Reuters reports on the increasing collection of data on individuals, both online and offline, by marketers and companies. Now, stores are deploying technology to gather facial features, track cellphones and more.
BERLIN — The next time you walk into a shop, consider this:
You may not be using your phone, but it is giving out a unique signal that the retailer may be monitoring. A face scanner may check your age and gender while sensors pick up your body heat to help locate popular parts of the store. [...]
To counter the online threat, bricks and mortar retailers are playing catch-up, using increasingly sophisticated technology to improve staffing, layout and marketing.
Some people are less comfortable being watched in the offline world, prompting many in the business to promise to use only anonymised and aggregated data unless shoppers explicitly give their permission to be tracked.
But as retailers get more sophisticated and link the data they collect to loyalty card schemes, shoppers are starting to sign up to schemes that follow their movements in return for targeted discounts and apps that help them find products. [...]
Tesco, the world’s third biggest retailer, drew criticism from British privacy groups earlier this month with plans to scan the faces of queuing customers to determine their gender and rough age to better target adverts.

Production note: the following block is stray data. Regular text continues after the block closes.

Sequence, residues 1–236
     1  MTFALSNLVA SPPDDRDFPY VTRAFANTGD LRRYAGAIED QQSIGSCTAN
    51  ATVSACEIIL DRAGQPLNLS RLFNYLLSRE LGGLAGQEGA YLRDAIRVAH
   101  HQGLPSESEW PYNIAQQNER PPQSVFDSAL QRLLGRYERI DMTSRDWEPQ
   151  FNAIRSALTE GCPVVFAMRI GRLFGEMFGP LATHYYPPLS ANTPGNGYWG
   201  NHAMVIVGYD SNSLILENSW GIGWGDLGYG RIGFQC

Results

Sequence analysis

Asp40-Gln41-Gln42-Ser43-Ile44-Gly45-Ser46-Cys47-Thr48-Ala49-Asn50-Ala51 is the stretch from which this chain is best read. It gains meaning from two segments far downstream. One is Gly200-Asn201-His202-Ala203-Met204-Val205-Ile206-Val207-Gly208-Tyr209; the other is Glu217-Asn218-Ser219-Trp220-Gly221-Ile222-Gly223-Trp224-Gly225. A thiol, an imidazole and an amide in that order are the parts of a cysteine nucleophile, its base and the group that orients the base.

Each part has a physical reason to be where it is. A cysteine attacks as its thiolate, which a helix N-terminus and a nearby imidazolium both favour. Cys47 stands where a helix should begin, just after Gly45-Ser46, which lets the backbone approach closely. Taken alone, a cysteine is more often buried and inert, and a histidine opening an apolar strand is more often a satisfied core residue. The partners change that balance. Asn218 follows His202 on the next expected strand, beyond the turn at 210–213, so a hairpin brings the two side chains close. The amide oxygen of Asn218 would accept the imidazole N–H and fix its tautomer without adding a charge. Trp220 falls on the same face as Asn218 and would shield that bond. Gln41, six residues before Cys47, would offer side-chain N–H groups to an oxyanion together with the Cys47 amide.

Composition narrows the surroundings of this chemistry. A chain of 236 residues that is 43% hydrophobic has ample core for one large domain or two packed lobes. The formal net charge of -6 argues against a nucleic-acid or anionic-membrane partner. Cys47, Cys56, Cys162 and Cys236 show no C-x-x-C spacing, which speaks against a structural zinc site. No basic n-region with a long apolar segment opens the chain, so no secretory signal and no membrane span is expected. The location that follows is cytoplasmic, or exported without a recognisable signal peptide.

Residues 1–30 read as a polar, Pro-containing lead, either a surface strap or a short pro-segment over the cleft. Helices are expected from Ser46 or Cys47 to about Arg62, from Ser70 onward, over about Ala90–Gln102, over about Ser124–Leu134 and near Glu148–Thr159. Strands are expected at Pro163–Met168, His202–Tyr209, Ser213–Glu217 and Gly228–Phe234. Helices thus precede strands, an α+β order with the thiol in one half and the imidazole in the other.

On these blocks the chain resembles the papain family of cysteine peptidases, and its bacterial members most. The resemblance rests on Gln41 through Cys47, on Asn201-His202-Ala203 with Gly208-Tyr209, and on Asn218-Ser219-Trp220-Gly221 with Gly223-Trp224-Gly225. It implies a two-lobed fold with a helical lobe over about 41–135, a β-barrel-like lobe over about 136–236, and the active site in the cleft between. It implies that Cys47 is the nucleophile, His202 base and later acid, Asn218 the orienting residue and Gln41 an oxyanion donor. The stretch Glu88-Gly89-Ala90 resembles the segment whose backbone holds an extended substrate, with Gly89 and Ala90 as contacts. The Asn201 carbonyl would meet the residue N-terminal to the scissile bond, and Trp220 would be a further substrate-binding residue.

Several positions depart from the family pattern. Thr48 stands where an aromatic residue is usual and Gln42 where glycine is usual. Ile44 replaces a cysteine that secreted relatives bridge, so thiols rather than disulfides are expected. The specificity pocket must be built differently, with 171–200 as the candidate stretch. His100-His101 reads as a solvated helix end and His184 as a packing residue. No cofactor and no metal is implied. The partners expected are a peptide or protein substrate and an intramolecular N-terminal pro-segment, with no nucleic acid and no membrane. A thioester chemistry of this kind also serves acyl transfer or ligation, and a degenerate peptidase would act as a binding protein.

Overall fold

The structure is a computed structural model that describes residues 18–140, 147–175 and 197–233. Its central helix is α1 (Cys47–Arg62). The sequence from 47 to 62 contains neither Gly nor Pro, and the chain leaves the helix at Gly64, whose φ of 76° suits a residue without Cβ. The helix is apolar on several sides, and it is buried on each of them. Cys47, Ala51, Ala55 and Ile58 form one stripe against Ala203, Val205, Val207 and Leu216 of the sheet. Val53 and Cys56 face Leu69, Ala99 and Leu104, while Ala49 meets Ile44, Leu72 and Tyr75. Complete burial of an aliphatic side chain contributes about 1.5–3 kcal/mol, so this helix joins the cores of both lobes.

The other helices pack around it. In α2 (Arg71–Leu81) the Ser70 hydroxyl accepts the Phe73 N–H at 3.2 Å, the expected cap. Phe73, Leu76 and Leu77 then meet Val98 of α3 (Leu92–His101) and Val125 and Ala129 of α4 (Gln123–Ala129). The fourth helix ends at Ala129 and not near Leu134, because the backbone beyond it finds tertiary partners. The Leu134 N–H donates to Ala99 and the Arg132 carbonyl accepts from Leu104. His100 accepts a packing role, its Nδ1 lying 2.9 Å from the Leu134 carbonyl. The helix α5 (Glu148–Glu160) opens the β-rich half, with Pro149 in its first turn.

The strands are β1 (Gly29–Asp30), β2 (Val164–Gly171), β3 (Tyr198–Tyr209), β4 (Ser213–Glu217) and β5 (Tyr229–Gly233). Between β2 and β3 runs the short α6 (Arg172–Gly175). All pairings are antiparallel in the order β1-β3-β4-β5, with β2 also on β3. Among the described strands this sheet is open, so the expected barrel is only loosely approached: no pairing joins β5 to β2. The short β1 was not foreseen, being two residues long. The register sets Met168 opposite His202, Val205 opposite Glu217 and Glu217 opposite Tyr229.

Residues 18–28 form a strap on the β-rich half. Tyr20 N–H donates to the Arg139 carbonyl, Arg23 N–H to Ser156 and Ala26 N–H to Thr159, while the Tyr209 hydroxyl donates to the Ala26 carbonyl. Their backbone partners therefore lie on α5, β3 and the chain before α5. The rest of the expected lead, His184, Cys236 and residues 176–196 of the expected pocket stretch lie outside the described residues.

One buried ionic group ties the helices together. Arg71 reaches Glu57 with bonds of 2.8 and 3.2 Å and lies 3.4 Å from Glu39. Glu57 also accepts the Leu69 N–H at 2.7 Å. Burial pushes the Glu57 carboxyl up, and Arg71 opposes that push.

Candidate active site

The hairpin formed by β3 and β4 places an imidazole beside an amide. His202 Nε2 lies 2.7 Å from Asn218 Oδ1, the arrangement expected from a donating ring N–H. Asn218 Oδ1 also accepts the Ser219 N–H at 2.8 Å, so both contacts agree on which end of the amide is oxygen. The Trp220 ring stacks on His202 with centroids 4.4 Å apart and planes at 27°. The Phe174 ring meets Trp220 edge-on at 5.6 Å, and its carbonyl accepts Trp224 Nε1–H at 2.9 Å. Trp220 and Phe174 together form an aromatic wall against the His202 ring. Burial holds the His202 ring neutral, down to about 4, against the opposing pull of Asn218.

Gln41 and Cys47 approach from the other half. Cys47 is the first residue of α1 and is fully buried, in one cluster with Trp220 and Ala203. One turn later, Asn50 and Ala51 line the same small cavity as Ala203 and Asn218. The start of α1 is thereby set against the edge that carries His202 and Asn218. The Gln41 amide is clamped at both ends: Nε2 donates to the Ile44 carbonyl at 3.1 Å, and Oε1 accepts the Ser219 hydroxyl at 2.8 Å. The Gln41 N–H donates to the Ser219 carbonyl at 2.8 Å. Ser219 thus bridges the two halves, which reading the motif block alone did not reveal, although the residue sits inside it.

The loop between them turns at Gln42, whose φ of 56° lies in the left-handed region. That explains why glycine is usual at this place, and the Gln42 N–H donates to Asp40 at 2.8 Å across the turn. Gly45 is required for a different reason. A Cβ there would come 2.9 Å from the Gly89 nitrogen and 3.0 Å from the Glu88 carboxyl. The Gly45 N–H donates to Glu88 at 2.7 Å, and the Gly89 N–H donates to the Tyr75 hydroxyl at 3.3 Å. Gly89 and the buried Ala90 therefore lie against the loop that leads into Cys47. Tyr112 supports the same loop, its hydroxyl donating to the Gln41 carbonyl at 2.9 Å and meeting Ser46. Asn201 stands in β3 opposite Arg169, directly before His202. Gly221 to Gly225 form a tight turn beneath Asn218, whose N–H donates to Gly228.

The company, which put the tracking of customer behaviour on a whole new level with its Clubcard loyalty card two decades ago, said it would not record images or store personal data. [...]
Last month, a group of U.S. companies specialising in location data for retailers agreed to a privacy code of conduct which includes signs posted in store to alert shoppers to the use of tracking technology and instructions for how to opt out.
“Even in an anonymous state, you can begin to pull together a profile of a customer, when they are coming to store, when they are mobile,” said John Sheldon, global head of strategy at consultants eBay Enterprise.
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